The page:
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Recruiting for research studies using online public advertisements examples from research in affective disorders

Authors Wise T, Arnone D, Marwood L, Zahn R, Lythe K, Young A

Received 23 June 2015

Accepted for publication 23 September 2015

Published 5 February 2016 Volume 2016:12 Pages 279—285

DOI https://doi.org/10.2147/NDT.S90941

Checked for plagiarism Yes

Review by Single-blind

Peer reviewers approved by Dr Xiang Mou

Peer reviewer comments 4

Editor who approved publication: Dr Roger Pinder


Toby Wise,1 Danilo Arnone,1 Lindsey Marwood,1 Roland Zahn,1–3 Karen E Lythe,2,3 Allan H Young1

1Centre for Affective Disorders, Department of Psychological Medicine, Institute of Psychiatry, King’s College London, London, 2Neuroscience and Aphasia Research Unit, School of Psychological Sciences, 3Manchester Academic Health Science Centre, University of Manchester, Manchester, UK

Abstract: Successful recruitment is vital for any research study. Difficulties in recruitment are not uncommon and can have important implications. This is particularly relevant to research conducted in affective disorders due to the nature of the conditions and the clinical services that serve these patients. Recently, online public advertisements have become more generally accessible and may provide an effective way to recruit patient populations. However, there is paucity of evidence on their viability as a method of recruiting patients into studies of disease mechanisms in these disorders. Public advertisement methods can be useful when researchers require specific populations, such as those not receiving pharmacological treatment. This work describes our experience in successfully recruiting participants into neuroimaging research studies in affective disorders using online public advertisements. Results suggest that these online public advertisements are an effective method for successfully recruiting participants with affective disorders into research studies, particularly for research focusing on disease mechanisms in specific populations.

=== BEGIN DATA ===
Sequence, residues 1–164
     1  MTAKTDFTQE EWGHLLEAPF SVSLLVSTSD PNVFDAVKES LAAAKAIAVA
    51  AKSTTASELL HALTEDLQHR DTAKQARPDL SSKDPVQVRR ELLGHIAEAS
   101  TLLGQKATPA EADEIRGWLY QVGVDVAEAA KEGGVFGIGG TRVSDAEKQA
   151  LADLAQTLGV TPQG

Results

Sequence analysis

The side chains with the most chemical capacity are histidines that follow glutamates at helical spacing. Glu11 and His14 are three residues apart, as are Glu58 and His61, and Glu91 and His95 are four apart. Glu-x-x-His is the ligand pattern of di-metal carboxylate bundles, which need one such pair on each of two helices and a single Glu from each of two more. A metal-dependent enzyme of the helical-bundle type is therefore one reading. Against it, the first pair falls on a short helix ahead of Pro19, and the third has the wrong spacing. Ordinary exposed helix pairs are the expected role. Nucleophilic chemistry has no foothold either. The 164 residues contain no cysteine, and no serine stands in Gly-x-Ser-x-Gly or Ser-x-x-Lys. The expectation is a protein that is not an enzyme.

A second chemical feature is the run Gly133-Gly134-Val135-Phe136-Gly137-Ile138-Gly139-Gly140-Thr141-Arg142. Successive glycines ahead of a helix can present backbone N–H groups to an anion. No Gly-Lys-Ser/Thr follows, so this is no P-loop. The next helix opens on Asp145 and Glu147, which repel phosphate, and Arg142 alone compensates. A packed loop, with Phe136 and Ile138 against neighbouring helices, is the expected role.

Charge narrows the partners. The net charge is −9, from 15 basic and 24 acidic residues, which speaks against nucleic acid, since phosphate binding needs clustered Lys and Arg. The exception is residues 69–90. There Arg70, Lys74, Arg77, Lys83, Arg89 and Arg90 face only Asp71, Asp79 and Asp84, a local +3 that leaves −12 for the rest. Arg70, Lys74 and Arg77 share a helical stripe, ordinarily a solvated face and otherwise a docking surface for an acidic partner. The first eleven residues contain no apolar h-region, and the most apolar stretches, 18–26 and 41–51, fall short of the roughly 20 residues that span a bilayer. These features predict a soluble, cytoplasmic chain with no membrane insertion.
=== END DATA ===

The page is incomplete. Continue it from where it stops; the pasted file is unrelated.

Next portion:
Keywords: recruitment, affective disorders, advertising, depression, anxiety, bipolar

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